He convinced me to let him contact the local thieves guild and recruit some guides for the party. He did, but he also paid them extra to backstab the leader when it the time was right. The rebel cleric also recruited a bunch of horse barbarians to ambush the party on the trail. The idea was that the guides would assassinate the leader during the ambush. He forgot one thing; he never actually role-played telling the guides about the ambush.

So when it happened, they hung back, until the horse barbarians were starting to lose, then launched their attack. I justified it by saying that they didn't want to share credit with anyone else. They didn't kill the leader, but they escaped to harass the party all the way to the end of the campaign, even following the party into Hell. That was something I would never have thought of myself.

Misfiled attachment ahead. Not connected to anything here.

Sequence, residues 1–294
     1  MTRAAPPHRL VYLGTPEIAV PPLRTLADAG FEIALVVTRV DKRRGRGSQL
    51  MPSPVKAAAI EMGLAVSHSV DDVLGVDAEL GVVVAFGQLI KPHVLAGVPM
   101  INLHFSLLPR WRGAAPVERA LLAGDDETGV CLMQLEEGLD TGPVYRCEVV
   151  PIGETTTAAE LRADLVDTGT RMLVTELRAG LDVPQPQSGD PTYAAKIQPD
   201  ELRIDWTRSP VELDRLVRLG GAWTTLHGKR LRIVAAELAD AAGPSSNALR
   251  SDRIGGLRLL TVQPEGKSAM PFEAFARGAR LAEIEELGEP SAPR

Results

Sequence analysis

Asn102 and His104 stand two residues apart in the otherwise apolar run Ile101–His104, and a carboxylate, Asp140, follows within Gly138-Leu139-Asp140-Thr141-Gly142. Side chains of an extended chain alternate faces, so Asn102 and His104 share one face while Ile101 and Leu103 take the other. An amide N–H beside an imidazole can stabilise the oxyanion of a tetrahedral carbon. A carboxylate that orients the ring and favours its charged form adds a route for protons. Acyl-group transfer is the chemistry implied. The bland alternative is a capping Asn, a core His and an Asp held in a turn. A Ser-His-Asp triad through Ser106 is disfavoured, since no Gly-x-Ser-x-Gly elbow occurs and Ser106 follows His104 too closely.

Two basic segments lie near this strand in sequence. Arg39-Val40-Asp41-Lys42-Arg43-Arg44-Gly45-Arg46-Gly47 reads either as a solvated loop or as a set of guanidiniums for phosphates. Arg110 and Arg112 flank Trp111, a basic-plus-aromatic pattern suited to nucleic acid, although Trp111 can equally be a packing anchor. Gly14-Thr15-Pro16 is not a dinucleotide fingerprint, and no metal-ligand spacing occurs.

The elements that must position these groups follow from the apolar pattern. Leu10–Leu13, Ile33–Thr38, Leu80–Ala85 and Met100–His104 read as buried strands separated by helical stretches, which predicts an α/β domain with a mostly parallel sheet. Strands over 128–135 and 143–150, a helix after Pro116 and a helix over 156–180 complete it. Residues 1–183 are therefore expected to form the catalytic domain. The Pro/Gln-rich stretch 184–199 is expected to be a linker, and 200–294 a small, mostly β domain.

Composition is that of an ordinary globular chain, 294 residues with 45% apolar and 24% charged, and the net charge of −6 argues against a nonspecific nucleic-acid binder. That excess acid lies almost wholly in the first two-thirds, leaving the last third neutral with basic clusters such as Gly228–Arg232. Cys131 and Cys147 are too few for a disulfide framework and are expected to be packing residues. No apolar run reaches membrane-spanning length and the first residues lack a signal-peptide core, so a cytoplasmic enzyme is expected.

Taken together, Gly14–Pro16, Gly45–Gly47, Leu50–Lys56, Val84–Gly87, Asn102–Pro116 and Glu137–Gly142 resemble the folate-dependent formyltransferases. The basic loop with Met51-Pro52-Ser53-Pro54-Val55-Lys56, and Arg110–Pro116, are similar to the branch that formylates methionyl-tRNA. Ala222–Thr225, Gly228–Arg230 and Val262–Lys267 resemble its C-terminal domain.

Ah, memories.

neonvincent: For posts about geekery and general fandom (Shadow Play Girl)
Happy Star Wars Day! Entries on Wikipedia and Wookieepedia.

crossposted to [community profile] star_wars .

ETA
: More at May the Fourth be with you! on Crazy Eddie's Motie News.
neonvincent: For posts about geekery and general fandom (Shadow Play Girl)
I present to you the Blue Devils Drum and Bugle Corps playing a brief chorale arrangement of "Duel of the Fates" as a warm up.



That reminded me of a Star Wars/drum corps crossover "music bunny" that had been hopping around in my head the past month. A brief piece called "Mask of Revan" or "Darth Revan's Mask" from "Star Wars: The Old Republic" would also make for a good warmup. Here it is. Listen to it and hear how it might work in the same way that "Duel of the Fates" would. Just imagine the string parts played by trumpets and the harp played by bells.




On the one hand, I'll never be in a position to make this happen. On the other hand, that's a good thing for me. Drum corps is not good for my mental health.  On the other hand, playing this video game with my wife is.  Play together, stay together!
neonvincent: For posts about geekery and general fandom (Shadow Play Girl)